Hi guys. Yup, start with the fuses. All electronically-tuned radios have two fuses; one that turns the power on with the ignition switch, and one for the station preset / clock memory circuit. That memory circuit is almost never labeled for the radio like the first on is. The memory circuit is always tied in with some other circuit that is always live. The most common is the interior lights, but it could also be the horn, cigarette lighter, or even the brake lights.
The clinker is every radio model acts differently when the memory circuit is dead. Some radios will be totally dead. On some, everything mechanical and the display works, but there will be no sound. A few GM and Chrysler models will work perfectly fine except each time you turn on the ignition switch, the station will go back to a factory default setting, and the clock will go to 12:00 on Chryslers and 10:00 on GMs.
GM used to have a lot of trouble with "griplets" on their circuit boards. Those are sort of like rivets that connect a copper trace on one side of the board to another trace on the other side. Resoldering them never seemed to be the permanent fix. We had to run wires all over to solve a whole list of intermittent problems. That is the clue to a bad connection. It is intermittent and will work at times. Most of the time when a part fails, it is permanent and doesn't work once in a while. By the early '80s they were using little pieces of wire through the griplets so those don't cause a problem any more, but intermittent solder connections is still pretty common. I press on the circuit board to verify I haven't found the culprit yet, much to my frustration, then I go looking again. Bad connections in tvs are usually real easy to spot. Not so in these radios for some reason.
Also, most GM trucks of this era had three-piece systems. There was the head unit, the body, which was behind the dash, then the separate cassette mechanism. 99 percent of the problems were caused by the box in the dash, but the last I heard, a few years ago, having one rebuilt only cost 40 bucks. If that is what you sent in, you might have gotten your old one back, but more commonly they just send one out that was rebuilt earlier. There could be a problem in that box that didn't show up at the repair shop, so they weren't aware of it. Also, you have to watch the part numbers on those because there's AM, AM stereo, and I think a couple of other versions. They all interchange / plug in but you'd like to have the same features with the replacement.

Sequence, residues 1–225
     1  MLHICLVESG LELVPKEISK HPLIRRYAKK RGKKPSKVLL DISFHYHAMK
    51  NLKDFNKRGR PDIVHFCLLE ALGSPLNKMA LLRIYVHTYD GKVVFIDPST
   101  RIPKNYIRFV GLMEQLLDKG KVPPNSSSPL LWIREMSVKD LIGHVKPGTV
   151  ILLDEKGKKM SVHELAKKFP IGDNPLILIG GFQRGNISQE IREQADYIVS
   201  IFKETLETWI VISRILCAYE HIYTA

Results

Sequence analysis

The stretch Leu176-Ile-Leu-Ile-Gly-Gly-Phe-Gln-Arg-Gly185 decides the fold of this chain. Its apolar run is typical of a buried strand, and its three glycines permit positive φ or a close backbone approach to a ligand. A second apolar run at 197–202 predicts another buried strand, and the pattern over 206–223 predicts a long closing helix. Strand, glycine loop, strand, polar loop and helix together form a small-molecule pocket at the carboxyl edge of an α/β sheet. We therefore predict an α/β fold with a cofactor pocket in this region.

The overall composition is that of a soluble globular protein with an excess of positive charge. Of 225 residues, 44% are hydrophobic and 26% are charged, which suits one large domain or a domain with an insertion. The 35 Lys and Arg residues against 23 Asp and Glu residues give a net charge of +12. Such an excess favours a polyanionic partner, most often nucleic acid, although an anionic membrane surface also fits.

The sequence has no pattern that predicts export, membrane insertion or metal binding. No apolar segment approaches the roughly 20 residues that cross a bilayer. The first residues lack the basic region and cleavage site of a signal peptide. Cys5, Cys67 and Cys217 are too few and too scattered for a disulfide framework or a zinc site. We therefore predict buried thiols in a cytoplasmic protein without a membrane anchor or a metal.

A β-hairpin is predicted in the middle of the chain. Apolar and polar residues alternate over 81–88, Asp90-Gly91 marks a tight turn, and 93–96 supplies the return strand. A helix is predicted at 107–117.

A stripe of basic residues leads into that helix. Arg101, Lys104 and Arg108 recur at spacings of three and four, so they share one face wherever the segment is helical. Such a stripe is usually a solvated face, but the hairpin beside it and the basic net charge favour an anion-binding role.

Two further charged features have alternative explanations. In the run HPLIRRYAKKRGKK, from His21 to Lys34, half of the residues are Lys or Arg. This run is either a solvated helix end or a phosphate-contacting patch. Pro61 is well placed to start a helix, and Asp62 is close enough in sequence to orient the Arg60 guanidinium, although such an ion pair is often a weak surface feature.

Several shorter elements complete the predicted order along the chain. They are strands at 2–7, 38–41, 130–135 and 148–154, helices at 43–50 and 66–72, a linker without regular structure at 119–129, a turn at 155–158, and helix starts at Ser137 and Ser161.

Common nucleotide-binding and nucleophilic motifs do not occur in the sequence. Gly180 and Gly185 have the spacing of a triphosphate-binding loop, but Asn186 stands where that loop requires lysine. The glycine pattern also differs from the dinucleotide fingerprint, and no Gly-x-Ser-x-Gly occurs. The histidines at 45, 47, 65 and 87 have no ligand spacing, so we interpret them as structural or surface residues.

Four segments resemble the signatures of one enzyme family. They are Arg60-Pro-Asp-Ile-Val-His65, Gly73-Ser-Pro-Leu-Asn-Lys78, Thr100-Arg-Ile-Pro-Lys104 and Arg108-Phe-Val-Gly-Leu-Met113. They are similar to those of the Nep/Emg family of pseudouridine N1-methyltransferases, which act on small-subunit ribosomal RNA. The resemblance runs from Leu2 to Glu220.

GM locked up all their radio repair business so I can't help if parts are needed. '94 is the last year they allowed me to buy service manuals for, and now their two authorized repair shops won't sell us parts either. I have hundreds of parts radios, but I need a model number and part number, then I can't guarantee my used part is good. The other problem with GM is there can be dozens of different radio model numbers for one model year that all look exactly the same and are almost identical inside. They change just a few parts to adjust the tone response for the car / truck body shape, so I could have a pile of radios that are the same as yours but I wouldn't know it because of the different model numbers. Chrysler adjusted their tone response mostly with different speakers or the use of a remote amplifier. They only had a few radio model numbers for many years. When you go to a salvage yard looking for a radio, you're better off just looking at the face plate and the plugs on the rear. Don't worry if the model number is different.
What I would do, if fuses aren't the problem, is first, pull out the box from behind the dash, and you'll see two plugs that each have four wires. If you have the radio that is all self-contained in one unit, pull that out and look for the same plugs. '89 was right in the middle of when they were switching from three large rectangular plugs to four smaller ones. The forth one usually isn't used. If you have the large plugs, look at the black one. If you have the smaller plugs, either on the radio or that separate box, I think it was also the black one. One of the four wires in that plug must have 12 volts all the time. That's the memory circuit. A second wire must have 12 volts only when the ignition switch is turned on.
If both of those voltages are there, stop in at a salvage yard and ask if you can borrow a box to try. For no sound, any box will do. The head unit doesn't have anything directly to do with sound. All it does is control the receiver box. The head unit could have a problem with the volume control, but that would not be common. If the receiver box solves the problem, they should be willing to sell it to you quite inexpensively. While they did have a fairly high failure rate, I'm sure they took in a lot more trucks over the years than boxes they could sell. They probably threw hundreds of them away, and they're losing the number of prospective customers who may need one. You should be able to negotiate a good price, at least less than the forty bucks it cost to have one repaired.
Tuesday, May 24th, 2016 AT 10:00 PM